After a Sale, Go Slow

by smARTist Speaker,  Alyson B. Stanfield

Don’t overwhelm your art buyers with a lot of stuff and promotional material at the time of sale. Why?

Because you want to save items for future mailings – “touches” for your collectors. You’ll need to follow up regularly in order to keep your name in front of people.

Start by sending a Thank You note in the mail within a week of the sale. A handwritten note with your artwork on the front of the card will be appreciated and will stand out.

Then, every few months, use snail mail to send any of the following:

  • Articles about you, about art, about collecting
  • Articles about something you know is of interest to the recipient (I couldn’t help thinking of you when I saw this . . . )
  • Changes in your contact information
  • Invitations to events, gallery openings, teleclasses, etc.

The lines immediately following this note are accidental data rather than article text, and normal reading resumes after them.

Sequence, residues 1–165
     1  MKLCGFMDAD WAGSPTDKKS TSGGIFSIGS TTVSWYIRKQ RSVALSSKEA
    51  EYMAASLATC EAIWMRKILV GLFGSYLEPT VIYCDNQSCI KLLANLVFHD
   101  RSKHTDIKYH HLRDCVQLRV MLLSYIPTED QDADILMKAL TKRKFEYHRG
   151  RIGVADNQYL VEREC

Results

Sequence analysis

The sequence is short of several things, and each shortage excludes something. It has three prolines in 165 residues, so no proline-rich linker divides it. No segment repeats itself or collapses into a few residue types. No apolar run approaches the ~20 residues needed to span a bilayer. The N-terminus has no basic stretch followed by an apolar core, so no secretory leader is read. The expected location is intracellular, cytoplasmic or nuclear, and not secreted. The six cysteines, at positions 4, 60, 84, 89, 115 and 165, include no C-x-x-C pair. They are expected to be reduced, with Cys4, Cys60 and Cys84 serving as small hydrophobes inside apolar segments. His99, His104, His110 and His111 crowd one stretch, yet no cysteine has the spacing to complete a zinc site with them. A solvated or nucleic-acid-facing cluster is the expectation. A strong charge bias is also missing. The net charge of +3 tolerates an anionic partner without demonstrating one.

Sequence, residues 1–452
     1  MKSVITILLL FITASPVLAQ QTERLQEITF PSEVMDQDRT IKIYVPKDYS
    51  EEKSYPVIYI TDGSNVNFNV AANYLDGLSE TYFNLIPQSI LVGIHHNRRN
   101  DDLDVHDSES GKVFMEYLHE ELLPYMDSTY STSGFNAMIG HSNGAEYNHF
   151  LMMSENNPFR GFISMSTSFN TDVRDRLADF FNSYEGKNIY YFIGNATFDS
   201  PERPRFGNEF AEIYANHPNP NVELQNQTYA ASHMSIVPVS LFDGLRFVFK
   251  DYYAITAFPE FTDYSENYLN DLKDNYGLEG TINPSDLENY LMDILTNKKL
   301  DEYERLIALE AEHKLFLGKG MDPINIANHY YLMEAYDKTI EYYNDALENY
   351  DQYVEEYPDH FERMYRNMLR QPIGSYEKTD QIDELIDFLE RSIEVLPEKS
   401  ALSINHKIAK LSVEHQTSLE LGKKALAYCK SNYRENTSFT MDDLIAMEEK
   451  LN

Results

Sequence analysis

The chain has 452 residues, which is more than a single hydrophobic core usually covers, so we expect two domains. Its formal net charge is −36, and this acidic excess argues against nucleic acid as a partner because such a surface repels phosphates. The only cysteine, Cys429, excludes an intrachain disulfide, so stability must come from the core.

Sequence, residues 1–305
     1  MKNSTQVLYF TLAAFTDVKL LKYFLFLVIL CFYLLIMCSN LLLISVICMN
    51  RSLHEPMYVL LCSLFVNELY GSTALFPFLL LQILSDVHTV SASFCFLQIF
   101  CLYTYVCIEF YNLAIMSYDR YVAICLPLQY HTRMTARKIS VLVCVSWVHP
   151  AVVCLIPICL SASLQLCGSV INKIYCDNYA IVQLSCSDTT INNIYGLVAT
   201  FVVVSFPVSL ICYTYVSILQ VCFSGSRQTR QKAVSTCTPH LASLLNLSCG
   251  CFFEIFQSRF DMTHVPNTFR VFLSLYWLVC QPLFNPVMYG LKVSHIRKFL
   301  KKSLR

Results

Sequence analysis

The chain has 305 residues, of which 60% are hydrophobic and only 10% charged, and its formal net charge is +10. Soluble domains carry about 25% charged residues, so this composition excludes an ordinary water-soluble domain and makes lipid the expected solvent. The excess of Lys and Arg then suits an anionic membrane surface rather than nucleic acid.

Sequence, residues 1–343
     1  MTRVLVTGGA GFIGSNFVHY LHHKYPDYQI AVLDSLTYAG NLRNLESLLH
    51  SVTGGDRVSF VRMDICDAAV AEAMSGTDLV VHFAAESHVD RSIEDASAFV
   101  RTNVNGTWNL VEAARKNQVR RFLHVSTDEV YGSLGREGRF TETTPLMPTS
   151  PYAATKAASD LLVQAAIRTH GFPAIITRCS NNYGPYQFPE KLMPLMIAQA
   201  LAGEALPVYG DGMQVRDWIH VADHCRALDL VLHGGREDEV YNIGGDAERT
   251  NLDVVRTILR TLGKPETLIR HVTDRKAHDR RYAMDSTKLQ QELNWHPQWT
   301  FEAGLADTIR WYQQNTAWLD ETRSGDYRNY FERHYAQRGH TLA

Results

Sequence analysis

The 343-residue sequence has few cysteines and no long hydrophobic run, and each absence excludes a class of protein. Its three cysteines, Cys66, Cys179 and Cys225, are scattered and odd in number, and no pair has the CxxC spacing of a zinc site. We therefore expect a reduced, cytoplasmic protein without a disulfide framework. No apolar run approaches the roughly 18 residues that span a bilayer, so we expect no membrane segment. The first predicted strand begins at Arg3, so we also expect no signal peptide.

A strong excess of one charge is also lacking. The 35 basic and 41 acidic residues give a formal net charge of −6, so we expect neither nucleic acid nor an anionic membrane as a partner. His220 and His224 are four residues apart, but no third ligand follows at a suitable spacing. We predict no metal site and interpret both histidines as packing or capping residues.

• Newsletters (See I’d Rather Be in the Studio! pages 117-137 for details on creating and sending newsletters)
  • Announcements of awards you’ve received
  • Postcards from your art travels

See how this works?

If you show your entire hand immediately, your “helpfulness” will likely end up in a file or, worse, in the garbage.

If you “touch” your collectors on a regular basis, you’re unlikely to be forgotten.


Alyson B. Stanfield is the founder of the Art Biz Blog and the author of I’d Rather Be in the Studio: The Artist’s No-Excuse Guide to Self-Promotion. She will be presenting “Unforgettable: 6 Actions to Guarantee Collectors Remember You” during the smARTist Telesummit 2012.

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